If I had waited a couple of nights we could have had our first Charlotte potatoes from the polytunnel too, as we had those this week too and very delicious they were too.  Life is very good indeed.

These marinated peppers are lovely and will happily sit in the fridge for a day developing their flavour, so are handy for parties as they can be made well ahead.  They look even better if you use a mixture of red, yellow and orange peppers.  I don’t particularly like green peppers but if you do, go for it.

This is the recipe if you are just using 1 pepper to serve 2 people, but it is easy to double, triple or quadruple.

1 red pepper
1 clove garlic
½ tbsp white wine vinegar
3 tbsp extra virgin olive oil
salt and pepper
lots of parsley

Method

Leaving the pepper whole, place onto a baking tray and roast in a hot oven until blackened.  Because I have an Aga I just place the pepper directly onto the floor of the roasting oven and turn every five minutes and it takes about twenty minutes for the pepper to blacken all over.  You can grill a pepper to the same effect or indeed hold it using large kitchen tongs over a gas flame.  Once it is blackened all over, place the pepper into a plastic food bag and tie to seal and leave for five minutes.  This steaming in the bag makes it easy to peel.  Peel the skin from the pepper, holding it over a bowl to catch any precious juices.  Remove the stalk and seeds and slice the roasted pepper into thin slices. Place in a shallow dish and pour over any juices.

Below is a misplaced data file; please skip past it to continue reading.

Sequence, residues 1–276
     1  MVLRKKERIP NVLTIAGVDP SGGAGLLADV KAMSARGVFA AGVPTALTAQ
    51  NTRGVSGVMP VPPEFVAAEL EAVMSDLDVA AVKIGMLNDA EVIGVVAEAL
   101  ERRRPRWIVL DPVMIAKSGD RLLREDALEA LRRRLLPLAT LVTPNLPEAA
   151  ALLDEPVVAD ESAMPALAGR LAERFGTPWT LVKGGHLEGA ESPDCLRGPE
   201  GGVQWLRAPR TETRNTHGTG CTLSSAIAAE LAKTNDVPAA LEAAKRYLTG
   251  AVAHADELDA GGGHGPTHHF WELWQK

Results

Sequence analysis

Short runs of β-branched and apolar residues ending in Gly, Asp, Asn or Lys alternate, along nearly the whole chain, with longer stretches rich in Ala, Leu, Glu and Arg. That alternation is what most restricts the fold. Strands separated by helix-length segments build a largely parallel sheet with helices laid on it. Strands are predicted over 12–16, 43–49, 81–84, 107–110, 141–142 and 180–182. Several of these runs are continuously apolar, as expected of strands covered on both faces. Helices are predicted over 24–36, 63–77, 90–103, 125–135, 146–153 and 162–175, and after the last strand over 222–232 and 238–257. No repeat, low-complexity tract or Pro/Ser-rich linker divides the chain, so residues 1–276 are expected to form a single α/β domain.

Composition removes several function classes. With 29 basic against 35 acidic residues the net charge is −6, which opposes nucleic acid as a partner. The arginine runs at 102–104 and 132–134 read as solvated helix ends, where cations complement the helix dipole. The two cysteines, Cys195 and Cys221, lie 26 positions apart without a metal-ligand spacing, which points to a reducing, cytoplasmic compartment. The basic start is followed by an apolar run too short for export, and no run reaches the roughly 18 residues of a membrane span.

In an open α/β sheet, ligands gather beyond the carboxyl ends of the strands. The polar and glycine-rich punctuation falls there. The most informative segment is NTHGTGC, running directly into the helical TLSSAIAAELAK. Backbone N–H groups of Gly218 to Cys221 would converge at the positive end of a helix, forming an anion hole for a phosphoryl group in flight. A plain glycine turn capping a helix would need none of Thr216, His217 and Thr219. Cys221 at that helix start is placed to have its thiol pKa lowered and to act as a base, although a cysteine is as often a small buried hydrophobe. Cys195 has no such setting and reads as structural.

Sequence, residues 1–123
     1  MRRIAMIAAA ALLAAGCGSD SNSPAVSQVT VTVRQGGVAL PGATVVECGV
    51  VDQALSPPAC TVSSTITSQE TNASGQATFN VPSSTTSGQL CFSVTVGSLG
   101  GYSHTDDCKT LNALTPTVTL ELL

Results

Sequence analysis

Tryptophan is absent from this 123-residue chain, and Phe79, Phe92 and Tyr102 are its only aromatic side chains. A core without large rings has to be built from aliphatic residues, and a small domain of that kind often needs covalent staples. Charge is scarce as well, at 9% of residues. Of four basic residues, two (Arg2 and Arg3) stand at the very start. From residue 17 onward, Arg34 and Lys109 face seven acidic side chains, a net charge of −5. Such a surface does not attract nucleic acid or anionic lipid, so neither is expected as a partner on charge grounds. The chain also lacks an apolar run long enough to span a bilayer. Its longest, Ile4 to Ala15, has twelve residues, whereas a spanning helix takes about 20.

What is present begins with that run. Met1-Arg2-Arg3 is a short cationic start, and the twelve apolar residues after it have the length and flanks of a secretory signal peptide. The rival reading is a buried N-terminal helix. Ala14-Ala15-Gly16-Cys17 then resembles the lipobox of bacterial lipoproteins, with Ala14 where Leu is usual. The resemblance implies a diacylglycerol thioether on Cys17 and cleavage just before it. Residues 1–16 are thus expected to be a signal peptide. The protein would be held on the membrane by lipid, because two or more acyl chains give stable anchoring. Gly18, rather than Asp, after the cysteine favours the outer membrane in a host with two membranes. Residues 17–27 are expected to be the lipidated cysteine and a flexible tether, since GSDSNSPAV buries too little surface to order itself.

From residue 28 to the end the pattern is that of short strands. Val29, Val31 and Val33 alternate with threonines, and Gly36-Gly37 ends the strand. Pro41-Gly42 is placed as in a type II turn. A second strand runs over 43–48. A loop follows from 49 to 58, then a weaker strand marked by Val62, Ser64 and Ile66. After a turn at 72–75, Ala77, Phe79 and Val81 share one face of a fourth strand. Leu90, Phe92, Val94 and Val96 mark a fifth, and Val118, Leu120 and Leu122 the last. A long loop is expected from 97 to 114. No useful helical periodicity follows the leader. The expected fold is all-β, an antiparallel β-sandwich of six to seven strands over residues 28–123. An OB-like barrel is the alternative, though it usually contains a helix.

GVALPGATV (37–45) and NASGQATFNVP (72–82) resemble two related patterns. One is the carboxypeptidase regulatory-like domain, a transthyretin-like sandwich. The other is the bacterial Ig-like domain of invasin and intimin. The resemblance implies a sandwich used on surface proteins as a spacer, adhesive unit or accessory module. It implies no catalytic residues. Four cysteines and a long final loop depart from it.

Crush the garlic either with a garlic crusher or in a pestle and mortar with a pinch of sea salt.  Add the vinegar and mix well and then add the olive oil, mixing well again.  The measurements given above are for a classic vinaigrette, but I tend to splosh and taste, adjusting to my taste and I do like it a little on the acidic side so feel free to adjust to your own taste.  Season with more salt if necessary and pepper. Pour this dressing over the pepper and mix well.  When the pepper is totally cool, add plenty of parsley.  Place in the fridge but bring it out to get to room temperature before you want to serve it.